The FINANCIAL — On July 11, 2016, the Executive Board of the International Monetary Fund (IMF) concluded the Article IV consultation 1 with France.
The recovery is solidifying. The economy is projected to expand by 1.5 percent this year, primarily driven by strong consumer spending. There are also signs of a cyclical recovery in investment, and the slump in residential construction appears to be bottoming out. By contrast, net exports are declining as demand from trading partners has slowed. Private sector job creation has remained lackluster and the unemployment rate has hovered around 10 percent. Structural fiscal adjustment is slowing to near zero this year and the public debt ratio is still rising.
Despite the cyclical recovery, structural rigidities and slower productivity growth across advanced countries weigh on medium-term prospects. Apart from regulations in the services sector and the high tax burden, a key obstacle to growth remains the labor market, where structural unemployment is projected to remain high in the absence of additional reforms. In an environment with modest medium-term growth prospects at home and in the euro area, France thus faces two central policy challenges: to support a more rapid creation of new private sector jobs and to ensure the sustainability of public finances via more efficient government spending growth, according to IMF.
The government has continued to advance important reforms to help create the conditions for improved economic performance. These include most notably thereduction in taxes under thePacte de Responsabilité et de Solidarité and the Crédit d’Impôt pour la Compétitivité et l’Emploi (CICE) and the competition-enhancing structural reforms under the Macron law. Building on earlier labor market reforms including the Rebsamen law, the El Khomri law would be another step forward, increasing the scope for company-level labor agreements and reducing judicial uncertainty. As for budget policies, there are ongoing efforts to contain spending growth at all levels of government while easing taxes.
Executive Board Assessment
Executive Directors welcomed France’s continuing recovery, while highlighting increased downside risks including potential prolonged uncertainty in Europe in the wake of the U.K. referendum. To secure a durable reduction in unemployment and public debt in the context of a subdued medium term growth outlook, Directors encouraged the authorities to pursue reforms to rebuild fiscal buffers, revive job creation, and strengthen competitiveness and productivity growth.
Directors supported the government’s expenditure based fiscal consolidation strategy, which aims to secure medium term sustainability while limiting the short term drag on aggregate demand. They noted, however, that structural fiscal adjustment is slowing and that more ambitious efforts to keep government spending flat in real terms would help achieve medium term fiscal targets and a durable reduction in public debt. Directors recommended that, to make consolidation sustainable and limit potential adverse social and economic effects, it should be underpinned by efficiency enhancing expenditure reforms at all levels of government.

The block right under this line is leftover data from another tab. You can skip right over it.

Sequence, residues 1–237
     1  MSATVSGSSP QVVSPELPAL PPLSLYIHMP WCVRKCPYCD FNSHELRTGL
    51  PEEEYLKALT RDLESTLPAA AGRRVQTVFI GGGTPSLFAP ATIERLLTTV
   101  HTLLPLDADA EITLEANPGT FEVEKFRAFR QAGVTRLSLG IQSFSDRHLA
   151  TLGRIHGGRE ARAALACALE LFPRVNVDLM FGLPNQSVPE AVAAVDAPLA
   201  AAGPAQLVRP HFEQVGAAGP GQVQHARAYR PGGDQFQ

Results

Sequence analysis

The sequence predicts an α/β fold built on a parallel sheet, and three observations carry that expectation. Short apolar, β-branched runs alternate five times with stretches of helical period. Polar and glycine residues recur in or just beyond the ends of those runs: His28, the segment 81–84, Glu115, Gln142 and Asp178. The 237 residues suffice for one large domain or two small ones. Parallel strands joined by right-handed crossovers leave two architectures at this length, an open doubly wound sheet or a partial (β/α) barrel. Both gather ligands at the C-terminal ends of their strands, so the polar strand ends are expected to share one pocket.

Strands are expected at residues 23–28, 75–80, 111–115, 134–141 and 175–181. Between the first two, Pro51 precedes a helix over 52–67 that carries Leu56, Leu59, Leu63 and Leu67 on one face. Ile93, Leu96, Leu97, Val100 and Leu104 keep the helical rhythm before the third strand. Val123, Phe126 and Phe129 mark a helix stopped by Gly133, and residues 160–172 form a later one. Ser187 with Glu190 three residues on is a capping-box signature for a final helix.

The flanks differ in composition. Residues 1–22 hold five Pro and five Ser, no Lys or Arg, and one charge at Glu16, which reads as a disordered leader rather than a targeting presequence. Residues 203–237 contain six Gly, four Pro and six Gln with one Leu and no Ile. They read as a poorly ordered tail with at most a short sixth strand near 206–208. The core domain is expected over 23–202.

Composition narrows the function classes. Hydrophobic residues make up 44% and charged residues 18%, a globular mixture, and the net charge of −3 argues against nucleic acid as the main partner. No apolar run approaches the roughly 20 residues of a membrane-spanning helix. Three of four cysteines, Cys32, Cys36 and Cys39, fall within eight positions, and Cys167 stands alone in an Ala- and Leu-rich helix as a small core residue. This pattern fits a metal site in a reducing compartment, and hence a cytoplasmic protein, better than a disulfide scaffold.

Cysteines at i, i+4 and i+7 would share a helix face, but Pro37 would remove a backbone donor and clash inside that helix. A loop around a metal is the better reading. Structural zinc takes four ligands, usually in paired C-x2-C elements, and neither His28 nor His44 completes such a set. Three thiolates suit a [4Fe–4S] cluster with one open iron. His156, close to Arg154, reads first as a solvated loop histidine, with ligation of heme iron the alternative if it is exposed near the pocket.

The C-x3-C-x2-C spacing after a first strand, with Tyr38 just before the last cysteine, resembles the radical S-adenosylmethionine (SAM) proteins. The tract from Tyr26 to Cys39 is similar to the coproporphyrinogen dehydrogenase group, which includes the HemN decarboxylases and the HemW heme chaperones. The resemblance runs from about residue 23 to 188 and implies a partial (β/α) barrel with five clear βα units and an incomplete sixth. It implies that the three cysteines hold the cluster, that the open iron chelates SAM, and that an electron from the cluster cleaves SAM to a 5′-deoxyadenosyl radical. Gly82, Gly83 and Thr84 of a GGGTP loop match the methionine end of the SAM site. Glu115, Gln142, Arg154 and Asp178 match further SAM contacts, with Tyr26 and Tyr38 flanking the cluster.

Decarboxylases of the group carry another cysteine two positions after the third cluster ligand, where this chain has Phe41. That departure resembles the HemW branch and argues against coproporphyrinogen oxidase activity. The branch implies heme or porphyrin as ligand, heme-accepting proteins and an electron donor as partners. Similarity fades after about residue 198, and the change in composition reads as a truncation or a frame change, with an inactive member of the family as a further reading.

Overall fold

In light of the high level of structural unemployment and modest medium term growth prospects, Directors encouraged the authorities to continue pursuing an ambitious structural reform agenda. They commended the authorities for the targeted reductions in the labor tax wedge and a range of reforms to improve the social dialogue, reduce judicial uncertainty around dismissals, and increase the scope for enterprise level labor agreements. To reduce unemployment more rapidly, Directors recommended additional measures to strengthen job search under the unemployment benefit system, reform the minimum wage formula, and further adapt education and training to evolving labor market needs. In order to boost private sector growth and competitiveness, they also encouraged the authorities to maintain the momentum on product market reform, including easing regulations for start-ups and the self-employed, combined with further opening up of access to regulated professions.
Directors welcomed the improved resilience of the financial sector since the crisis, with the large banks having buttressed their balance sheets, helping them cope with recent episodes of global financial stress. However, they stressed that, as in other euro area economies, banks and insurers need to further adjust their business models to an era of modest growth and low rates, while continuing to adapt to the evolving regulatory framework. Directors also recommended adjusting guaranteed interest rates under the regulated savings schemes to reflect market interest rate conditions. They stressed the need for supervisors to remain vigilant regarding potential risks, including search for yield behavior.